Forming New Habits - Why New Year's Resolutions Do Not Work
9th April 2018
As the next holiday in our calendar – Easter – comes and goes, you may have noticed that you have lost touch with any new year’s resolutions you made at the start of the year. It may have only been a few months ago where you were so keen and excited about the prospect of tackling new challenges or overall becoming a ‘better, healthier’ you. But nothing has changed. Why does this happen? Why do new year’s resolutions seem to fail and fade into the background year on end?
What are new year’s resolutions and why do we make them?
New Year’s resolutions are a tradition which are evident in the Western world, but also found in Eastern cultures. In a nutshell they are a promise a person makes for the new year, usually in the form of a goal. Typically, these goals are to change an undesired characteristic or behaviour or to improve one’s life in some way.
We live in a society where there is constant pressure to be the ‘better’ version of ourselves. The fast-paced developed world of today produces a sense of pressure to be constantly improving ourselves – in both our personal and work lives. Additionally, with the increase in social media use we are faced with ‘perfect’ versions of men and women on a daily basis. As such, when the new year comes around, many people feel as if this is the right opportunity to put to the test whether they can achieve goals of improving an aspect of their life.
Another common reason we tend to make these resolutions is that often by the end of the year we are so exhausted and feel as if life has flown by us so quickly, so we use the symbolism of a new year to start afresh and anew. But is it really that simple? Can we just erase what has just been and effectively start from scratch when it is a new year?
Forming new habits is difficult
New year’s resolutions are great in theory, but there is a caveat. Forming new habits is hard. It takes time, intentional effort and patience. And this is probably why a lot of people ‘fail’ to keep up with their resolutions.
The reality of habits is as follows: we are creatures of habits; old habits can be hard to break; and new habits take time and patience to create. It is believed that habit formation is derived from a ‘Habit Loop’, which entails 3 steps: cue, routine and reward. In other words, it is difficult to change our behaviour or to form habits unless we recognise what initiates the behaviour (reminder), that we continually practice it (routine) and receive a benefit from performing it (reward).
Behavioural patterns we repeatedly perform become automated responses and are etched into our neural pathways. Although this explains why it can be difficult to change an existing behaviour, fortunately it suggests that with time and through repetition we can form and maintain new habits. But even still, are resolutions worthwhile?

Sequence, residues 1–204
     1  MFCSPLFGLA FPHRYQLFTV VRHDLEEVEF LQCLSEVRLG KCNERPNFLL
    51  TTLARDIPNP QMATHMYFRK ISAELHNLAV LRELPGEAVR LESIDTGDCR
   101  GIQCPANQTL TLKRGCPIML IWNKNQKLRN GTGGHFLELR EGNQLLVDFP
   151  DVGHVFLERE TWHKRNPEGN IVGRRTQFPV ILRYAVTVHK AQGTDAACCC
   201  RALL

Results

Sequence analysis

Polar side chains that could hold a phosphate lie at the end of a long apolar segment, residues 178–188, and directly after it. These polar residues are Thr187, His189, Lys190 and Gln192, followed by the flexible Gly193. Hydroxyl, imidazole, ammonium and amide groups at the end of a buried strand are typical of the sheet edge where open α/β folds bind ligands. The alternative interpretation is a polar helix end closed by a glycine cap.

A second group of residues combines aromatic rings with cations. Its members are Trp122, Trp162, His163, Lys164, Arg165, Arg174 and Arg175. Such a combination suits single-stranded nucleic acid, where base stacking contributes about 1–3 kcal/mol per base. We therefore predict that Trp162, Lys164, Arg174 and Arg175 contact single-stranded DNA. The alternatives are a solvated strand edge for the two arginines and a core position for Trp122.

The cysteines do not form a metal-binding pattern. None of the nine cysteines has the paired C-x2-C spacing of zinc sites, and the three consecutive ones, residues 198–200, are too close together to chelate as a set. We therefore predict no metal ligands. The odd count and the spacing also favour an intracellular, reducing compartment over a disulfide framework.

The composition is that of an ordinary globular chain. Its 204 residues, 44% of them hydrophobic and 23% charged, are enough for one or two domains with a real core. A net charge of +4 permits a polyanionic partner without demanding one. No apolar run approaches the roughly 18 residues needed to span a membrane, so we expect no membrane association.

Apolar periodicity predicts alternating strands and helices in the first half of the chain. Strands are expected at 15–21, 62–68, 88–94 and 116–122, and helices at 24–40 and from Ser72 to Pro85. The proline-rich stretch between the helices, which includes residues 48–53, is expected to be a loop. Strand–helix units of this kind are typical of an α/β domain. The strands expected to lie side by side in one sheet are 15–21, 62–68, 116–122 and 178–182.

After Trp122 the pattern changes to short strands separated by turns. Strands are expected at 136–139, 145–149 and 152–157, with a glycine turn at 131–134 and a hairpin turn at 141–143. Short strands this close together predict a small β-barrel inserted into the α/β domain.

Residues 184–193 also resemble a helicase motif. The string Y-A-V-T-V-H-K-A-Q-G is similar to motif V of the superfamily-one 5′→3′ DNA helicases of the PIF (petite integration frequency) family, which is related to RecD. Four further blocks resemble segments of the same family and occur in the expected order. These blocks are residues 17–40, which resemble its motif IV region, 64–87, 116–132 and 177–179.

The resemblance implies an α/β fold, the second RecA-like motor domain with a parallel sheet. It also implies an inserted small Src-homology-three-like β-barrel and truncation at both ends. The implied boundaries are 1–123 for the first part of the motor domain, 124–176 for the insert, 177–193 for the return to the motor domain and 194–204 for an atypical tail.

What can we do instead?
Maybe in this day in age we are so obsessed with trying to do everything. Many of us produce an endless list of resolutions which have somehow piled up over the years (and yet have never been tackled). Instead, it may be simpler, more beneficial and easy to achieve if we break them down. A few tips – not necessarily to all be used in conjunction – that you can take on board for the next year (or even now!) are summarised below.
Focus on changing one habit that creates the most change: Making one small change rather than attempting to accomplish 10+ things in the new year is a lot more realistic, but it is also more likely to have a positive effect on your life. It will help alleviate any resistance or hesitation you may have with change.
Break the goal down into smaller steps: In a similar vein, one big change that you may be considering may be overwhelming in its entirety and therefore may result in it not being approached, let alone accomplished. If you want to start running and lose that extra bit of weight, you can’t expect to run a marathon overnight. Set yourself weekly targets that all add up to the final goal. Not only will you receive continual gratification for each smaller task, but it will make you perceive the end goal as more achievable as you tick off the preceding steps.
Set realistic goals: Consider what is feasible – practically, physically and psychologically. We are not super human. If you don’t deconstruct the goal and reflect on whether it is within your reach, there will more likely than not be extreme resistance in trying to achieve it or you will face inevitable consequences in the pursuit.
Reflect on what you are motivated to accomplish: To be able to put in the time and effort, it goes without saying that there needs to be some motivation and level of compliance.
It is easy to get caught up in the hype and excitement that the new year brings. But some things are just unrealistic. It is exciting and can be stimulating to challenge ourselves and to target that ‘thing’ that we want to improve. But we also need to be kind to ourselves and know what is within our limits in order to achieve desired changes in our lives.